# 01. Concepts and Principles

- Page ID
- 552

\( \newcommand{\vecs}[1]{\overset { \scriptstyle \rightharpoonup} {\mathbf{#1}} } \) \( \newcommand{\vecd}[1]{\overset{-\!-\!\rightharpoonup}{\vphantom{a}\smash {#1}}} \)\(\newcommand{\id}{\mathrm{id}}\) \( \newcommand{\Span}{\mathrm{span}}\) \( \newcommand{\kernel}{\mathrm{null}\,}\) \( \newcommand{\range}{\mathrm{range}\,}\) \( \newcommand{\RealPart}{\mathrm{Re}}\) \( \newcommand{\ImaginaryPart}{\mathrm{Im}}\) \( \newcommand{\Argument}{\mathrm{Arg}}\) \( \newcommand{\norm}[1]{\| #1 \|}\) \( \newcommand{\inner}[2]{\langle #1, #2 \rangle}\) \( \newcommand{\Span}{\mathrm{span}}\) \(\newcommand{\id}{\mathrm{id}}\) \( \newcommand{\Span}{\mathrm{span}}\) \( \newcommand{\kernel}{\mathrm{null}\,}\) \( \newcommand{\range}{\mathrm{range}\,}\) \( \newcommand{\RealPart}{\mathrm{Re}}\) \( \newcommand{\ImaginaryPart}{\mathrm{Im}}\) \( \newcommand{\Argument}{\mathrm{Arg}}\) \( \newcommand{\norm}[1]{\| #1 \|}\) \( \newcommand{\inner}[2]{\langle #1, #2 \rangle}\) \( \newcommand{\Span}{\mathrm{span}}\)

# The Impulse-Momentum Relation

Just like the kinematic relations and Newton’s second law, the impulse-momentum relation is independently valid in any member of a set of perpendicular directions. Thus, we will typically apply the impulse-momentum relation in its component forms:

# The Work-Energy Relation

From Model 1, our expression for the Work-Energy Relation, with gravitational potential energy terms, is:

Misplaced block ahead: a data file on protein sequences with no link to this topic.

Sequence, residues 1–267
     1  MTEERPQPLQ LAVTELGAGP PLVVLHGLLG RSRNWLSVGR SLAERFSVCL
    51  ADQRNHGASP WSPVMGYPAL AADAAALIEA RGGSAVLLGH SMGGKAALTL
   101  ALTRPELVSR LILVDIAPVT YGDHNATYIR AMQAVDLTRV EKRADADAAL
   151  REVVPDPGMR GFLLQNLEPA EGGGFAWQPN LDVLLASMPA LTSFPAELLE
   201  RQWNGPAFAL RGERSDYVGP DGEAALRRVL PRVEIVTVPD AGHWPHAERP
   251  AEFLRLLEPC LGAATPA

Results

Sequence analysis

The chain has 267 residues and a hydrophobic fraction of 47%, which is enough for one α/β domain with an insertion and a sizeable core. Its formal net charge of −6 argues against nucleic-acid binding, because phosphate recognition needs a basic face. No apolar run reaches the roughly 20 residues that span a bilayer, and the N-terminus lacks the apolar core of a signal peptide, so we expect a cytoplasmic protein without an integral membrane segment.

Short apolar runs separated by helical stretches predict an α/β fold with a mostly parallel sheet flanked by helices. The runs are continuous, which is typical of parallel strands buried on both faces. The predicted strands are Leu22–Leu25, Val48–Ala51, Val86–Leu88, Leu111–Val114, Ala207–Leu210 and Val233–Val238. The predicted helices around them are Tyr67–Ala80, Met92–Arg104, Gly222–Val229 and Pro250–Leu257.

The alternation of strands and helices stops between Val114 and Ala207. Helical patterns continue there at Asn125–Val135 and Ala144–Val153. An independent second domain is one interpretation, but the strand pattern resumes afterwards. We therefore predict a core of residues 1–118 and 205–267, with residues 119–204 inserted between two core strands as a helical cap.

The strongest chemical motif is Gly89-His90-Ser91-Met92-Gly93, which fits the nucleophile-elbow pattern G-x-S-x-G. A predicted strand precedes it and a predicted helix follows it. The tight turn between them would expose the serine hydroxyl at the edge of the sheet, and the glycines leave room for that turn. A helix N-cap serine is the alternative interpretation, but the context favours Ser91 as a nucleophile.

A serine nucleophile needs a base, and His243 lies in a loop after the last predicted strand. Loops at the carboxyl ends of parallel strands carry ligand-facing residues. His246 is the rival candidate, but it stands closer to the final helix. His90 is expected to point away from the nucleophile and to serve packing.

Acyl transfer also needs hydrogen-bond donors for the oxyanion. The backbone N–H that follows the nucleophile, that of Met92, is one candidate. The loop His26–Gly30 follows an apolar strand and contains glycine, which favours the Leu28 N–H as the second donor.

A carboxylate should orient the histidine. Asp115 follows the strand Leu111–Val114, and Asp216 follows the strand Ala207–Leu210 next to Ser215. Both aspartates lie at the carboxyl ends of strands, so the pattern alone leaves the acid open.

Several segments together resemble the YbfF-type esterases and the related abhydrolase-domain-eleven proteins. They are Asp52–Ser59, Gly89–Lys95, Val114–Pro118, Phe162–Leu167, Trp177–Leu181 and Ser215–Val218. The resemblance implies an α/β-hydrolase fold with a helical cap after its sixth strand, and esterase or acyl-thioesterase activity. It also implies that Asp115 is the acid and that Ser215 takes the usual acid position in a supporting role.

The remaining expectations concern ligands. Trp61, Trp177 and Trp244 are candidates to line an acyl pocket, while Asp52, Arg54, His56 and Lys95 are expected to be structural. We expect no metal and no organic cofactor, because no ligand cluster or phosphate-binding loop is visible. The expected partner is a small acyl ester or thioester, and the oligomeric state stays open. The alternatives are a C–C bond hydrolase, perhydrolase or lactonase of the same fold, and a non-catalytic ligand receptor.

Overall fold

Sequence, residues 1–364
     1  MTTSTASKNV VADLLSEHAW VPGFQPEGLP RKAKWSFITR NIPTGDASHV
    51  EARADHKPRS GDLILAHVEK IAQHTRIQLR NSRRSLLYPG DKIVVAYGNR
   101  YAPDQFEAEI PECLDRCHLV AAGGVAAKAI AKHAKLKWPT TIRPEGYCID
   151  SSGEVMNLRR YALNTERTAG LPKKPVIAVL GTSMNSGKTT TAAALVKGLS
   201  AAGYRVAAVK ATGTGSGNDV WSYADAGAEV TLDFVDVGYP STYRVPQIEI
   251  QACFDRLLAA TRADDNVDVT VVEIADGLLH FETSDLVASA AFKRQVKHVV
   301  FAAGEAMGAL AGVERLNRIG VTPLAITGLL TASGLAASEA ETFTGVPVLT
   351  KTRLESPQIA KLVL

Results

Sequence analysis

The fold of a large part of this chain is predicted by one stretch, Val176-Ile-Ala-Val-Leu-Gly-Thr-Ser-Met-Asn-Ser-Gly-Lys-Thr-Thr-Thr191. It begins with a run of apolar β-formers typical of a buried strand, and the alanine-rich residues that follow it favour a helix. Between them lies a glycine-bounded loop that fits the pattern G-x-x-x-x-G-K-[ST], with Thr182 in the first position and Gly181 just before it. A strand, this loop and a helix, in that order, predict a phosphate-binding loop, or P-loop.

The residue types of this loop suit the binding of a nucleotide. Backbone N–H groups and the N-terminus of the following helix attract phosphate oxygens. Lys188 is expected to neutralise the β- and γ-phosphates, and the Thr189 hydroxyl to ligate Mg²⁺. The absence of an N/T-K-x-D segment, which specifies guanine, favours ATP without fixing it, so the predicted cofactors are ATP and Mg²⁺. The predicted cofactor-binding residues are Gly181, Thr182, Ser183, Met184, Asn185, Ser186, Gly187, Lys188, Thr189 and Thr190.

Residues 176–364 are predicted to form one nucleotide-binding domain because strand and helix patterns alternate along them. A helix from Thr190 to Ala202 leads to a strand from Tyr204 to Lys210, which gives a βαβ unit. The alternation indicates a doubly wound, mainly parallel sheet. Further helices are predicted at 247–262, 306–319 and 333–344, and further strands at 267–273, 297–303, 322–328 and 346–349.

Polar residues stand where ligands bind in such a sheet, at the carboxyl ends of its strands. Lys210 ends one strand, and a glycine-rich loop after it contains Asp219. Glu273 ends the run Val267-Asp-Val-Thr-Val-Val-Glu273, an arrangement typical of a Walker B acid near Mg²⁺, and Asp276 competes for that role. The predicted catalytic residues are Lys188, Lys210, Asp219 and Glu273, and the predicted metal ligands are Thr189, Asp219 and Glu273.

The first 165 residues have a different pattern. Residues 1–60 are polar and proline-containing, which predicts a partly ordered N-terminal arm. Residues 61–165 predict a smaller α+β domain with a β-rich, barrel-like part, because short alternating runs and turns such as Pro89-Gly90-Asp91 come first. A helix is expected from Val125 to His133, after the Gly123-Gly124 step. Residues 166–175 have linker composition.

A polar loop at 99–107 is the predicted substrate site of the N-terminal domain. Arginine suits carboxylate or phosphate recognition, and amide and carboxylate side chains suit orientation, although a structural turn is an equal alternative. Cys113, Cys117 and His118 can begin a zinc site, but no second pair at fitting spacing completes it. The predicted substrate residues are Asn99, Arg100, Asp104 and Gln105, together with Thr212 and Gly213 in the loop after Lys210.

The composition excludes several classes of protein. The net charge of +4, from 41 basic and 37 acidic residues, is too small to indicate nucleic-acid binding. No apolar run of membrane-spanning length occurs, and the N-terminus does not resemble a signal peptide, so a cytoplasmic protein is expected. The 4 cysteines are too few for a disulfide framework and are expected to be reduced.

It’s very important to remember that the work-energy relation is a *scalar* equation, meaning it can not be broken into components and “solved” separately in the x-, y-, and z-directions. This is even more important to remember now that we are working in multiple dimensions. This observation results in two important points:

- The work-energy relation involves the actual initial and final velocities,
*not*their components. The kinetic energy of an object does not depend on the direction of travel of the object. - In the expression for work, , the product of the
*magnitude*of the force and the*magnitude*of the displacement is multiplied by cos f, where fis defined to be the angle between the applied force and the displacement of the object. If the force and displacement are in the same direction f = 0°, and the work is positive (the object gains energy). If the force and displacement are in the opposite direction f = 180°, and the work is negative (the object loses energy). If the force and displacement are perpendicular, no work is done. Note that the actual directions of the force and the displacement are unimportant, only their directions*relative to each other*affect the work.